Bark Beetles Enzymes Wins $50,000 Contest

EscaZyme Biochemicals wins Sontag Entrepreneurship Competition based on bark beetle.

Published on: Mar 19, 2013

A new company that uses the enzymes of bark beetles to control the devastating effects the beetles can have on a forest, EscaZyme Biochemicals, LLC, was awarded the $50,000 gold prize as the winner in the University of Nevada, Reno's Sontag Entrepreneurship Competition.

University alumnus Rick Sontag for whom the competition was named, and his wife, Susan, announced the winners via Skype at a luncheon ceremony at the Joe Crowley Student Union. Sontag's $1 million gift to the University created the competition in 2011.

During his announcement, Sontag emphasized how impressed he was with the quality of this year's submissions, a theme that was echoed by College of Business Dean Greg Mosier and Dave Croasdell, the Charles and Ruth Hopping Professor of Entrepreneurship and Sontag Competition coordinator.

College of Business Dean Greg Mosier with Professor Claus Tittiger, Rubi FigueroA-Teran and Jennifer Ott celebrating the $50,000 gold prize for their company, EscaZyme Biochemicals, LLC, in the Sontag Entrepreneurship Competition at the University of Nevada, Reno. Behind them on Skype is Rick Sontag, the University alumnus whose generous gift created the competition and who announced the winner. Photo by Theresa Danna-Douglas, University of Nevada, Reno
College of Business Dean Greg Mosier with Professor Claus Tittiger, Rubi FigueroA-Teran and Jennifer Ott celebrating the $50,000 gold prize for their company, EscaZyme Biochemicals, LLC, in the Sontag Entrepreneurship Competition at the University of Nevada, Reno. Behind them on Skype is Rick Sontag, the University alumnus whose generous gift created the competition and who announced the winner. Photo by Theresa Danna-Douglas, University of Nevada, Reno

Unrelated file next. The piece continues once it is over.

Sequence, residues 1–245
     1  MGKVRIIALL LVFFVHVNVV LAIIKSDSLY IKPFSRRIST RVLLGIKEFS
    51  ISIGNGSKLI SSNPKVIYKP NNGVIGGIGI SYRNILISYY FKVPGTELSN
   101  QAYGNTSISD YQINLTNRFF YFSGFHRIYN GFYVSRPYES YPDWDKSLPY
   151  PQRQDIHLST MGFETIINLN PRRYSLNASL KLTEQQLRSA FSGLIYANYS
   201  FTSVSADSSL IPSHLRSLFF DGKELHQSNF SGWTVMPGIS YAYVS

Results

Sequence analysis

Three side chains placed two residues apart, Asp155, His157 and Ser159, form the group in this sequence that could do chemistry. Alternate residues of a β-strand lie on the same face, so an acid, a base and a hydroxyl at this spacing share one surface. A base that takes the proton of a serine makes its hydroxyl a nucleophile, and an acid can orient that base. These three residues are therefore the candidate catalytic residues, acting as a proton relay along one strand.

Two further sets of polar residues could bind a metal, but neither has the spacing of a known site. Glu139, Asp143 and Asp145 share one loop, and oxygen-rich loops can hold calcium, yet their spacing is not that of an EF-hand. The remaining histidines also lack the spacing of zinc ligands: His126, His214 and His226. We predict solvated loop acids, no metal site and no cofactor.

The winning EscaZyme team includes Jennifer Ott, the company CEO who has a chemistry degree and is completing her MBA at the University this year, post-doctoral researcher Rubi FigueroA-Teran, the chief science officer and entrepreneurial champion of the project who also discovered one of the enzymes, and Claus Tittiger, a professor in the Department of Biochemistry and Molecular Biology in the University's College of Agriculture, Biotechnology and Natural Resources..

The enzymes, discovered in bark beetles from trees in the Lake Tahoe area, have the potential to be used for a wide range of products including the pesticide and insect attractant application selected as the starting place for the business venture. The company is already working with a potential first client.

"Our customers are governments, ranchers, timber companies, ski resorts, anyone who is interested in forest health and management," Ott says. "The company we visited is interested because our process produces very easily the compounds they need; a process that is usually time consuming and can be hazardous."

Excited about the cash reward, Ott says the company has a lot to do. "Our next step is to develop commercial-sized quantities over the next few months. We need to know how much we can make and how much to charge, then we'll begin our outreach for sales. We have momentum now."

EscaZyme was accepted earlier into a highly competitive and intense National Science Foundation business-validation program known as Innovation Corps or I-Corps. The $50,000 I-Corps grant, the University's Technology Transfer Office programs and continued use of a lab provided by Professor Gary Blomquist, chair of the Department of Biochemistry and Molecular Biology, have also provided much-needed support for the company.

EscaZyme was selected from among five finalists and 24 participating teams in this second year of the competition.